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FAQs

How do I apply for admission?

Download and complete an Application for Admission form. Submit the completed form and $65.00 application fee (cash or check, non-refundable) by U.S. Mail or in person. Applications are not accepted by fax or on-line. Submissions will be acknowledged in writing.

Please refer to the How To Apply page for the appropriate checklist of additional required documents.

Who should I ask for letters of recommendation?

The best people to ask for recommendations are typically employers, supervisors, academics, or other established professionals who know you well and with whom you have an ongoing rapport. Leaders from volunteer or community-based activities are also an option if your participation has been significant.

Whoever you ask should know you well enough to meaningfully comment on your character, intellect, and work ethic in a manner relevant to your potential as a law student and future attorney.

Can I finish faster than 4 years?

No, Glendale offers a 4-year, part-time evening law program only. The curriculum is structured and cannot be accelerated. The curriculum has been thoughtfully developed to help students succeed academically, as well as to balance life and law school optimally.

What is the class schedule?

Students attend one class per evening. First-year students attend class 2 to 3 nights per week, second and third-year students 4 nights per week, and fourth-year students 3 nights per week. All classes are scheduled to meet from 6:30 p.m. to 9:30 p.m. on Monday, Tuesday, Wednesday, and/or Thursday nights.

How do I pay for my education?

GUCL students have the option to make tuition payments quarterly, monthly, or with a student loan, whichever suits their finances best.

Can I transfer from Glendale to an ABA law school?

Transferring in law school is uncommon. Prospective law students should thoroughly investigate their law school options before enrolling. Attempting to transfer can be inefficient when curriculum do not sync, resulting in extra costs or delayed graduation. Ultimately, the decision of whether or not to accept transfer credits rests with the school being applied to.

How are the Bar Exam pass rates?

With each administration of the California Bar Exam, law schools and their graduates await the release of results. Multiple factors can impact those pass rates in a way that raw statistics may not reveal.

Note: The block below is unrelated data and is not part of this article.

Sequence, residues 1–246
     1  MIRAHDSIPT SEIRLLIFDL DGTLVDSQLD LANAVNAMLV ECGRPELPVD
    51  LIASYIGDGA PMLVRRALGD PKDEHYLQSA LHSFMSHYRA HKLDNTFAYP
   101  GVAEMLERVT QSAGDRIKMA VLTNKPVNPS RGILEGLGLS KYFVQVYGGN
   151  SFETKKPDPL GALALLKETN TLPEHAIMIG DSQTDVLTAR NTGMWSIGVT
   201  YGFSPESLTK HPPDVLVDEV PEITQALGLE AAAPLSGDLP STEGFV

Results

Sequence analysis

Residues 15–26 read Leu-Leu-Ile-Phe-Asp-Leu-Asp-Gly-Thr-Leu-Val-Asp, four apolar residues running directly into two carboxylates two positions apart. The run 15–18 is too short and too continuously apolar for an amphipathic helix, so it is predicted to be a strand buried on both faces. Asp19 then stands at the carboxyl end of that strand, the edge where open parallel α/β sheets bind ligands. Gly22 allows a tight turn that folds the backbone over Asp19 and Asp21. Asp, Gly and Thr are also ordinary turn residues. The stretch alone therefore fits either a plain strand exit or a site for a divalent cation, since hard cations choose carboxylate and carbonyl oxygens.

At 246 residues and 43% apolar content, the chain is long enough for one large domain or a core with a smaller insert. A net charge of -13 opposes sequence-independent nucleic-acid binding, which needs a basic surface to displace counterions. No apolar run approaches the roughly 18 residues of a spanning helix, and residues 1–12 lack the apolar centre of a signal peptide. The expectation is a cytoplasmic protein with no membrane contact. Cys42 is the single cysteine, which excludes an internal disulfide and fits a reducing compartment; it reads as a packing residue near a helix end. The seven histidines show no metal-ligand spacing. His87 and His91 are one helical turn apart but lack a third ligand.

Glendale University College of Law has analyzed years of its Bar Exam statistics. Those statistics support what common sense suggests: the higher a student's GPA, the higher the likelihood he or she will pass the Bar Exam. The Dean candidly discusses institutional bar pass rates at our monthly open house.

Bar pass rates for Glendale University College of Law and all other ABA, CBA, and Non-Accredited law schools in California are available here.

What academic support programs are offered?

Skill development and academic success are taken seriously at GUCL. Our support programs provide students with access to abundant resources throughout the four-year program. These include New Student Orientation, Legal Method and Examsmanship, BARBRI Law Student Success Resources, and BARBRI Bar Review.

What careers do your alumni have?

Glendale University College of Law Alumni have found success in a wide variety of legal settings, some of which include:

  • Superior Court Judge
  • Court Commissioner
  • Senior Assistant Attorney General
  • Deputy District Attorney
  • City Attorney
  • Public Defender
  • Assistant Chief Counsel
  • Named Partner, Equity Partner, and Associate
  • Small Firm/Solo Practitioner
  • Appellate Attorney
  • Corporate Counsel
  • Criminal Defense Attorney
  • Civil Litigator, Plaintiff and Defense
  • Law Enforcement Leadership
  • Police Detective
  • Children's Advocate
  • Real Estate Litigator

Do I have to take the "Baby Bar" (First Year Law Students Exam)?

No! Since Glendale is accredited by the State Bar of California, students admitted as Degreed-Regular (BA or higher) and Non-Degreed Regular (minimum 60 su) are EXEMPT from the Baby Bar. The only exception applies to students admitted as Special Students (less than 60 su) which is uncommon.